President Obama on Friday announced a series of reforms to the nation’s surveillance apparatus, including steps to add more privacy safeguards to a controversial National Security Agency program that collects Americans’ phone records in bulk. The reforms, however, leave a number of open questions for Congress and other government officials to resolve.
“We have to make some important decisions about how to protect ourselves and sustain our leadership in the world, while upholding the civil liberties and privacy protections that our ideals – and our Constitution – require,” Mr. Obama said in a speech delivered from the Justice Department.
Most significantly, Mr. Obama is requiring the NSA to get judicial approval before querying its vast database of telephone metadata.
Effectively immediately, the president is also reducing the number of data connections surveillance analysts can use to tie communications of terrors suspects to phone numbers. These so-called “hops” previously could be used three times by analysts to develop a potential pattern or matrix of sources or terrorist affiliations, but Mr. Obama is reducing the number of “hops” from three to two.
In addition to those steps, Mr. Obama is asking Attorney General Eric Holder and the intelligence community devise a way to transfer the metadata database from the government to a third party -- whether it is telecommunications firms or some yet-to-be created entity.
While Holder and the intelligence community considers what third party could hold onto the metadata, Mr. Obama is also asking them to consider what they can do with other existing programs to map terrorist connections.
The steps Mr. Obama announced, a senior administration official told reporters Friday, are “without a doubt the most significant reform in our surveillance programs since President Obama took office.” While the president says he welcomes the debate over these programs, they were prompted by the information leaked by former government contractor Edward Snowden.Mr. Obama said Friday he would not “dwell on Mr. Snowden’s actions,” noting that he delivered a speech last year at the National Defense University -- before the Snowden revelations -- calling for a more robust public discussion about the balance between security and liberty.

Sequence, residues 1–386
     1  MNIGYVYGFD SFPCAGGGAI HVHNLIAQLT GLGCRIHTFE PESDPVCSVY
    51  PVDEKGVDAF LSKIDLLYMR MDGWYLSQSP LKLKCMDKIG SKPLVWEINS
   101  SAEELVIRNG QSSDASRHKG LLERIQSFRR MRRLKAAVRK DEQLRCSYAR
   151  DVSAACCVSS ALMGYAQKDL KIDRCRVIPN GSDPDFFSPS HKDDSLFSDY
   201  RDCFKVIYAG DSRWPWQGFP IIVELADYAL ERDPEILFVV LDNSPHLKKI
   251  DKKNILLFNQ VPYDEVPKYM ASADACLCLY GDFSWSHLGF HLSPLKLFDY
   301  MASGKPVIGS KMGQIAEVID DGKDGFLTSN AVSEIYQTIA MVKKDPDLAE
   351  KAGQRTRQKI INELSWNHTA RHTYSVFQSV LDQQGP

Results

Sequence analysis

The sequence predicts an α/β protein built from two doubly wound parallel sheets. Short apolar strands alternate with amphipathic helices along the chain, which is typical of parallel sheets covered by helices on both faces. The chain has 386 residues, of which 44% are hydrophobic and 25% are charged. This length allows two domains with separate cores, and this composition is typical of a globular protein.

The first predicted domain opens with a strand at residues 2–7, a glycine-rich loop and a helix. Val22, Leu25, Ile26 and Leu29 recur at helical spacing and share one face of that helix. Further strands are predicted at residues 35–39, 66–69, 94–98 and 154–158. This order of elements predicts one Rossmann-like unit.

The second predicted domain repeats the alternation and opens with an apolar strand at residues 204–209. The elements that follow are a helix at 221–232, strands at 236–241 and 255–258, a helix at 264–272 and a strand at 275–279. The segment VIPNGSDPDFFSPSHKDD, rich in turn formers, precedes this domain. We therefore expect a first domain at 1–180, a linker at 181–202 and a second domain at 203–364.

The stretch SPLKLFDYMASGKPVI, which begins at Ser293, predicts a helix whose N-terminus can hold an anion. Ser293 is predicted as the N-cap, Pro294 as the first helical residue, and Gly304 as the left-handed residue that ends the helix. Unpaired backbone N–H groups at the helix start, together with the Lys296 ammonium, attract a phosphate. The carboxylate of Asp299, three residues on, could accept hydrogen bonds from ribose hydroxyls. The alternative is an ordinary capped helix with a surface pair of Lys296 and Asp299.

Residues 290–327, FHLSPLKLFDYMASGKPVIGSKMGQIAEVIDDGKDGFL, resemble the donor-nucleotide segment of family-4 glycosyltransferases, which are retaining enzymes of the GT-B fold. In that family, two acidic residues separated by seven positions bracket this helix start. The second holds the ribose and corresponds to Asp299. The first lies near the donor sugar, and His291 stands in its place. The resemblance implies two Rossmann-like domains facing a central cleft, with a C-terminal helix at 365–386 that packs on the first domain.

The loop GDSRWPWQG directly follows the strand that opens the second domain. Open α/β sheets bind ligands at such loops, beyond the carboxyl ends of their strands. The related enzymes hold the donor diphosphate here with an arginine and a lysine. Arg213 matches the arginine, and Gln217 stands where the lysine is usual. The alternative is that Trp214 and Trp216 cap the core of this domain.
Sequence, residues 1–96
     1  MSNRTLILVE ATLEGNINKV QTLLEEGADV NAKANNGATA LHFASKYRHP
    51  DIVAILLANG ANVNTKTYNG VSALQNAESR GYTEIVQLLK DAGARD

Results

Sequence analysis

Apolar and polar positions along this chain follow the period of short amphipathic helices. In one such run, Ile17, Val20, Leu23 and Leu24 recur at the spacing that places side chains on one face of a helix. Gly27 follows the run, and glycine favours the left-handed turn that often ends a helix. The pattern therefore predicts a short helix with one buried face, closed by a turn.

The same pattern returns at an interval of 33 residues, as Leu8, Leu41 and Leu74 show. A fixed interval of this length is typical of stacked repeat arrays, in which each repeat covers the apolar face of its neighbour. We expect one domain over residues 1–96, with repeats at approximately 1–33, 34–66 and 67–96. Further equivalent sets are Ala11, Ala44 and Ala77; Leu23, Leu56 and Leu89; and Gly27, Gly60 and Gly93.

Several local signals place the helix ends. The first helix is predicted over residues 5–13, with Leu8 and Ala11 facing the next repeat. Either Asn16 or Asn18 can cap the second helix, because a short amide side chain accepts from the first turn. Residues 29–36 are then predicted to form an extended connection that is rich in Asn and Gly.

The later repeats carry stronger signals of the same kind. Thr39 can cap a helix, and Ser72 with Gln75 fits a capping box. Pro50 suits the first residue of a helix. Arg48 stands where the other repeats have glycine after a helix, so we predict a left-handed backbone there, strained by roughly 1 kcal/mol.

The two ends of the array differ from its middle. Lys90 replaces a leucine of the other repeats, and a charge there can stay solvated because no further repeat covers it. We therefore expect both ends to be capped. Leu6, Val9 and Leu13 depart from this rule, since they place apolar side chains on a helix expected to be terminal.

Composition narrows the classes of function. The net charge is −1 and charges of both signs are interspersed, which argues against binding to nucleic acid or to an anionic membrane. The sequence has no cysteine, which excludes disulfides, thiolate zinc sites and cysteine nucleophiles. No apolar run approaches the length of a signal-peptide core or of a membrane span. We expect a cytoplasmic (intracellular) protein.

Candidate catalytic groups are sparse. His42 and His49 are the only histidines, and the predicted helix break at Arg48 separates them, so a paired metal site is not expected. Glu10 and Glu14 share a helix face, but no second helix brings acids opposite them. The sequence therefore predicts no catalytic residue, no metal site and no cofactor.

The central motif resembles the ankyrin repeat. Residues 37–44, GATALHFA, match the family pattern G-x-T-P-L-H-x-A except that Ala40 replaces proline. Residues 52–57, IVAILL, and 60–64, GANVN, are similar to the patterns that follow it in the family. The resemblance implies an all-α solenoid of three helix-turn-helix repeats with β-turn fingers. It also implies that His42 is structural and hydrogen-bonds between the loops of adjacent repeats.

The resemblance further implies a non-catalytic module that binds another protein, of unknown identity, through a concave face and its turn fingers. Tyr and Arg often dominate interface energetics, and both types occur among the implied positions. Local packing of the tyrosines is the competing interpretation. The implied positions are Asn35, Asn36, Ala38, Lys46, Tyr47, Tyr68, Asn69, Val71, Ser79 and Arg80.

Still, senior administration officials acknowledged Friday morning that the reforms announced today are targeting the metadata collection -- currently authorized under Section 215 of the Patriot Act -- because that program “has been of the greatest interest” since the Snowden leaks in June. The president, while announcing reforms to other facets of intelligence gathering, isn’t reforming any other programs specifically authorized under Section 215.
“What the administration trying to do is less about a broader balancing of our intelligence collection and posture and more about addressing the controversies,” CBS News Senior National Security Analyst Juan Zarate said. “These appear to be targeted fixes to specific controversies.”
Furthermore, it’s unclear whether these changes truly resolve privacy or civil liberties issues, or simply raise more questions.
“Why is AT&T having the data, rather than the government, any better?” Zarate asked. “I elect my government, I know what the oversight is -- if Google is going to run this, what control do I have over data?”
Mr. Obama himself acknowledged those apparent challenges.
Requiring telephone companies to hold data “could require companies to alter their procedures in ways that raise new privacy concerns,” he said. “On the other hand, any third party maintaining a single, consolidated data-base would be carrying out what is essentially a government function with more expense, more legal ambiguity, and a doubtful impact on public confidence that their privacy is being protected.”
He added, “More work needs to be done to determine exactly how this system might work.”
The president has asked Holder and the intelligence community to report back to him by March 28, the date by which this program needs to be reauthorized. In the meantime, he said he would consult with Congress to see their views and get congressional reauthorization as needed.